Soon after student Lloyd Chavez's death, Cherokee Trail High School Principal Jean Incitti sent a letter to parents notifying them “with great sadness.”
Counselors were available to support students and staff and were to continue to do so, the letter read.
“We are writing to you so that you may have conversations with your own child, if need be,” the letter read. “Certainly, the unexpected news warrants a watchful eye including behavior at home and communication via technology.”
The letter included links to resources to aid in conversations parents might have with students, here and here.
“We encourage you to contact our Counseling Office or mental health staff with any questions or concerns regarding your child,” the letter read, listing the phone numbers 720-886-1980 and 720-886-2280.
Kind. Humble. Hard-working. A fierce competitor. Someone who always worked to make sure others felt good.
That's how a rugby coach and teammate of Lloyd Chavez remember the 18-year-old Cherokee Trail High School student who was fatally shot May 8 in front of his home in east Centennial.
When Chavez arrived on the rugby field as a younger, “spindly” kid, Dave Farmer was skeptical.
“I said: 'That guy isn't going to be able to play rugby — look how scrawny he is,'” said Farmer, a coach on the Aurora Saracens club team. “And he ended up being spectacular. He was all-state four years in a row in high school.”
Chavez had an all-around character: He could goof around but excel as a leader on the field. He could take on larger players but “be your best friend after a game,” Farmer said.
“Respecting and being friends with your opponent is maybe the biggest part of the culture in rugby, and he epitomized that,” Farmer said. “I'm not sure if anyone in our league of 30-something teams was more well-liked and respected than Lloyd.”
Chavez came from a generations-long line of local rugby players. His father and grandfather played for a men's team called the Denver Highlanders, and his brother played with him on the Saracens, Farmer said. His father, trained as a Marine, was among those helping to save people during the recent semi-truck crash and fire on Interstate 70.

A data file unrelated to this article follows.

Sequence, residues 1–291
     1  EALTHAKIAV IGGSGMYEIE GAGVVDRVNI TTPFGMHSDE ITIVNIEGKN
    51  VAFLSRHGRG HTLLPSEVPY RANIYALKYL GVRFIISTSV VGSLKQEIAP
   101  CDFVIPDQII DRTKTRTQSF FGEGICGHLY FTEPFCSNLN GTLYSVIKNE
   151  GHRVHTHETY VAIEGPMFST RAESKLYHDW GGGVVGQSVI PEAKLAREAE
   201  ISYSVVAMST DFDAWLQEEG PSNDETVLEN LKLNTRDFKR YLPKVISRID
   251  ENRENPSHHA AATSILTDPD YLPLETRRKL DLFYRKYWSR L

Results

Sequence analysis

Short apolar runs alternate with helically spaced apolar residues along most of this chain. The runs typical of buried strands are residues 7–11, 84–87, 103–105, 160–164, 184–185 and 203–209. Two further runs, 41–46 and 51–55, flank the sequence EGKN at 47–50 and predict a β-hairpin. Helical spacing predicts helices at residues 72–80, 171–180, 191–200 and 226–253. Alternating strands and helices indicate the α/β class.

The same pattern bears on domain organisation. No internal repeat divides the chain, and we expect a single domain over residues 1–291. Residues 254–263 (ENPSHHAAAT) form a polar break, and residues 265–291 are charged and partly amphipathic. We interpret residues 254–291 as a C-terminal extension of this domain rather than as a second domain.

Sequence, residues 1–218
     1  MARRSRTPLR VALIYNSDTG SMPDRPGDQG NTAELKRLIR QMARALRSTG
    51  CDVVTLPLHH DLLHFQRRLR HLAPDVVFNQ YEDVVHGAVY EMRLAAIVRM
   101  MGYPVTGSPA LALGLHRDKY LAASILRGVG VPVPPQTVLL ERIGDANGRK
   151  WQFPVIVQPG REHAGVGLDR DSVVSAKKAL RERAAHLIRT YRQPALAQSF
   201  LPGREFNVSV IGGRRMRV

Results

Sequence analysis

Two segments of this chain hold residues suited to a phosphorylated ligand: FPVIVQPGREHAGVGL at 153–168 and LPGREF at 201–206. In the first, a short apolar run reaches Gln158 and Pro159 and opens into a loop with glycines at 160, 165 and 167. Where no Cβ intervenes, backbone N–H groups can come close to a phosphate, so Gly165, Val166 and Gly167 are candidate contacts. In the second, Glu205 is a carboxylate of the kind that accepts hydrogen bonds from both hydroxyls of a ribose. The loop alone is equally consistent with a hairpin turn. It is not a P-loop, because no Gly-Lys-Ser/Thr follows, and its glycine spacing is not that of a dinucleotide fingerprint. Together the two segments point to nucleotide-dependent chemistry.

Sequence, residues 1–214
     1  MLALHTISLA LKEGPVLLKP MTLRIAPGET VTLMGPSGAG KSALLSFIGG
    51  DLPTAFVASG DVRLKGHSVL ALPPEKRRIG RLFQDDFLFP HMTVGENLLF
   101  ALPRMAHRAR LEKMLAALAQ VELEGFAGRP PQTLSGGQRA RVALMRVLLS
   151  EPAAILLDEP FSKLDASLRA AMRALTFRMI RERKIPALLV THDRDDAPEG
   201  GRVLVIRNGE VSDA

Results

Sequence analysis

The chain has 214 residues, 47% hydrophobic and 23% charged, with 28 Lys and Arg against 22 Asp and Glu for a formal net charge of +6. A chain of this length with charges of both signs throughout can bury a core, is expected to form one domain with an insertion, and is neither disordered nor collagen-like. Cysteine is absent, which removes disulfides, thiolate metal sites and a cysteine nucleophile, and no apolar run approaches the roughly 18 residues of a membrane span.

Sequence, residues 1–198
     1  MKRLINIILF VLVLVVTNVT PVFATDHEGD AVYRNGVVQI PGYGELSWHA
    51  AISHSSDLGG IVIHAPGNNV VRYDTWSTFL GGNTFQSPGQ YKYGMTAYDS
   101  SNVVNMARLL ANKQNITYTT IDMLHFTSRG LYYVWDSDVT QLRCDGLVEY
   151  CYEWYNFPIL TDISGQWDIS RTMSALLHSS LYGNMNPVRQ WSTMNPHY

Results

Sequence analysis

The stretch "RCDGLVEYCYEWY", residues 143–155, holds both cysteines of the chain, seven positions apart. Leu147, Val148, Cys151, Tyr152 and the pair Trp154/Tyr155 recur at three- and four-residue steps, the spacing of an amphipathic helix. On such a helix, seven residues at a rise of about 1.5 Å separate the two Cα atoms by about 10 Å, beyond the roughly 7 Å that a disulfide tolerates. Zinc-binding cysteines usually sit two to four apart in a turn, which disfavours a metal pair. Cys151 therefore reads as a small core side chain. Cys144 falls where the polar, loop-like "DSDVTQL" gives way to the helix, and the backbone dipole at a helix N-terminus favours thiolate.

His son also had an eye for taking care of people. Chavez wanted people to feel good about themselves and feel like they were part of the group, Farmer said.
“If he caught you moping around, he made it his duty to kind of surreptitiously cheer you up, like a mischievous elf or a cowdog nipping at your ankles,” Farmer said.
Teammate Elijah Perez-Martinez, a 17-year-old who attends Overland High School, remembers a team trip to play rugby in Oregon.
“I remember a pass that he made, the most incredible pass I had ever seen,” said Perez-Martinez, who met Chavez about four years ago. But “he also didn't need all the glory. He was kind.”
The Saracens team had its ups and downs, but it benefited from Chavez's encouraging nature, Perez-Martinez added.
“For every mistake we made as team or individual, he would always come and say: 'It's OK — we all make mistakes, just pick your head up,'” Perez-Martinez said. “He was just always there to lift up the team or a player. He would never blame somebody.”
On May 8, four teenagers who all appear to be Cherry Creek School District students, according to accusations in arrest affidavits, pulled up to Chavez's home in a neighborhood near East Smoky Hill Road and South Picadilly Street. They had allegedly planned a robbery of vaping products Chavez sold, according to the documents.
The incident ended in Chavez being shot, although one of the students originally told an investigator she arranged to buy from Chavez and that the group didn't intend to steal from him, the affidavits claim. She allegedly later said the other three planned to steal from him and that her intent to get vape product turned into a robbery plan. That student said the group didn't intend to shoot Chavez but, rather, threaten him if he didn't give them the product, according to the documents.
Chavez was hard-working “on the field and off the field” and was going to graduate this year, Perez-Martinez said.
“He had plans to go to college (and) play rugby,” Perez-Martinez said. “On the field, he'd be one of the people you'd spot just because of his work ethic.”
Farmer wants people to remember how Chavez “always worked to make other people feel good.”
“And take some inspiration from that to be responsible for doing that themselves, since Lloyd isn't there to do it anymore,” Farmer said. “We can all do it. It’s just something we should all work a little harder at.”
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